Core Work: What It Really Is and Why It Is Critical

by Maarten Van Nus & Barb Kelly

What is Core Work?

So, what is core work? What muscles are involved? What are the best exercises to develop our core? And, just how important is it to include in an exercise routine?

Core work strengthens the central part of our body, which controls movement, balance, stability, and posture. Essentially, our core allows us to stand and move.

The muscles that make up a strong core are often misunderstood. Many people have been taught that our abdominal muscles — the ones we can see under our skin — are the core. Thus, many believe a core workout only needs to exercise our abdominal and oblique (side) muscles.

However, even though our abdominals and obliques are part of the core and should be included in a core routine, the muscles that do all the real work of the core are deep inside, amongst our organs.

The Core Muscles

A skeletal drawing showing the Multifidus (core muscles)..The primary working muscles of the core are the Multifidus muscles. They are located behind and along either side of the spine. Though very thin, these muscles are critical because they stabilize and protect the spine. Along with distributing body weight evenly to take pressure off the spinal discs, the Multifidus muscles work during twists, turns, bending, and stretching.

In essence, they allow us to move through our day-to-day activities: bending over to tie our shoes, rapidly changing direction to avoid someone on a busy sidewalk, bending sideways to pick up the paper we dropped, twisting to move files from one desk to another, lifting children into car seats, and so on.  Any non-linear movements we perform in our day requires strong Multifidus muscles.

The second set of muscle working in your deep core is your Transverse Abdominis. These are located in front of to your spiA skeletal drawing showing the location of the Transverse Abdominis (core muscles).ne, and layered deep behind your external oblique muscles. Like the Multifidus, this group of deep layer muscles act as a stabilizer to the spine and pelvis and allow us to move in the many directions that we do.

With the primary Multifidus working the back of the spine and, the secondary Transverse Abdominis working the front of our spine, we are able to stand erect and stable and move in almost any direction we want to whether we move our feet or not.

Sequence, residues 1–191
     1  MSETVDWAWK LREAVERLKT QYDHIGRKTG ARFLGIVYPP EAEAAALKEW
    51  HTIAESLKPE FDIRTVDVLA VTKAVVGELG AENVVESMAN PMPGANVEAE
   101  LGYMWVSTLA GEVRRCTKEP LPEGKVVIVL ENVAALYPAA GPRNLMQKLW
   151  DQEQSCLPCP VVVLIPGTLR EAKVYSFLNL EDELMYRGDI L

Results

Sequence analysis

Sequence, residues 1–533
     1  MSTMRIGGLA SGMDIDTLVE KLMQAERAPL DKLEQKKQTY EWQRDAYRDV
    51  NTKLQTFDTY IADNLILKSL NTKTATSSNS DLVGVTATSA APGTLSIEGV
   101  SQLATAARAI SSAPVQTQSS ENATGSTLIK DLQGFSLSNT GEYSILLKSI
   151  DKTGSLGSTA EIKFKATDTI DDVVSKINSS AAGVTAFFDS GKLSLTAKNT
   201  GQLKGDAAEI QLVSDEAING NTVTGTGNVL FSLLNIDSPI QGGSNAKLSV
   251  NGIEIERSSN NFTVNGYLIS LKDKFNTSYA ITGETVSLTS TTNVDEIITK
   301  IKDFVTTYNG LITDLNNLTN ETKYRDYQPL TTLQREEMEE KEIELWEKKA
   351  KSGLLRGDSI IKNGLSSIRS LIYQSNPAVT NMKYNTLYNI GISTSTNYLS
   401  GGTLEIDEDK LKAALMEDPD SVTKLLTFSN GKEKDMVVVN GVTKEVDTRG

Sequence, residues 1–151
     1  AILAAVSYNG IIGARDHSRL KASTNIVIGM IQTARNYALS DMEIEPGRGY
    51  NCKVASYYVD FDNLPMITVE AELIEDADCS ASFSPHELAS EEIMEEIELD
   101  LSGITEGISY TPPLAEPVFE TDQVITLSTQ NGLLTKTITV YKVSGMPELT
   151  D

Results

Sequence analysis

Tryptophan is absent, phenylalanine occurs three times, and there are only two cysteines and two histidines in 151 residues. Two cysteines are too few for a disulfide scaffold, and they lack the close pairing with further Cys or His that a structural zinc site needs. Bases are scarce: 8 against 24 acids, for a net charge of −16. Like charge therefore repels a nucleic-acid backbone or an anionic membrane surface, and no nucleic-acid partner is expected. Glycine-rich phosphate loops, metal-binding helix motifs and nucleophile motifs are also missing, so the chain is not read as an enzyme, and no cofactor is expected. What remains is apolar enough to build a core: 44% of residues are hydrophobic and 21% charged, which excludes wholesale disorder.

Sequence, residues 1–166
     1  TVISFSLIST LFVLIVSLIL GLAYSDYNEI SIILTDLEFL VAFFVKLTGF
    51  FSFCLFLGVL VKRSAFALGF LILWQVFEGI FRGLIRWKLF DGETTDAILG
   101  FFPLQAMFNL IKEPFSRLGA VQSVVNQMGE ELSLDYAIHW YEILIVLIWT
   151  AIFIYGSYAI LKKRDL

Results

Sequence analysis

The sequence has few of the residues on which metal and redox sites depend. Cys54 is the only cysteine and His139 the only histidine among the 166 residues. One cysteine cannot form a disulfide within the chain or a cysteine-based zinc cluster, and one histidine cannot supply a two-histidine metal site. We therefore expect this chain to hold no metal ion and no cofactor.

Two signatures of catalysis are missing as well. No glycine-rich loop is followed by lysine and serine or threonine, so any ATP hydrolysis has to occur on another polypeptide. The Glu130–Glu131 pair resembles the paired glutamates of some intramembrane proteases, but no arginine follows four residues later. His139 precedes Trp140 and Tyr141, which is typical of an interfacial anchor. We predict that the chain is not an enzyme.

Locate & test your core muscles.

Even though traditional exercises like squats, deadlifts, bent-over rows, and others help strengthen the core, it is important to do planks to isolate the deep muscles to build a truly strong core. Not just a plain, immobile plank, however. The best exercises for developing a strong core are plank movements.

A plain plank only is helpful if we live our life on a set of railway tracks and never have to twist or turn, but that isn’t realistic. Moving planks force our deep core muscles to work alone to move our body in all different directions. Plank movements strengthen the deep core for everyday activities as well as sports. Watch how to do a plank properly.

So, be sure to do plank work every day, if you can. And, when you’re in your plank next time, add a variety of movements to you plain plank: side planks, walking planks, circle planks, superman planks, planks on one leg, etc. Anything that knocks us off our center of gravity assists in building a full, strong, functional core. Check out an advanced plank.

The Critical Core

The importance of a strong core cannot be overstated. A strong core is critical for not only sports and being active but more importantly for moving through each day without noticing weakness, inability, strains, and aches. A strong core will allow you to enjoy your daily activities — moving groceries in and out of the car, carrying things, bending over, kneeling down, lifting and/or carrying things, playing with your dog or your children, running for a bus, sitting and moving at your desk — because every movement you make will be easier with a strong core.

Whether you’re an elite athlete looking to find an edge to up your game, a gym rat looking to clean up your lifts with confidence and stability, a weekend warrior looking to go all out with less chance of injury, or just someone who would love to function day-to-day without the annoyance of aches and pains in the lower back, your core is critical.

Core work is particularly important if you suffer from lower back pains and have a propensity for your pelvis to shift out of alignment. Building a strong, stable core should be high on your workout to-do list.

In conclusion, if you neglect your core, you’ll pay for it at some point. So, next time you’re training, take the time for core work and your body will love you for it.

Maarten Van Nus
 

Maarten is a health & fitness specialist who has a particular interest in health for Baby Boomers. He has over 40 years of experience in the fitness industry and loves what he does.

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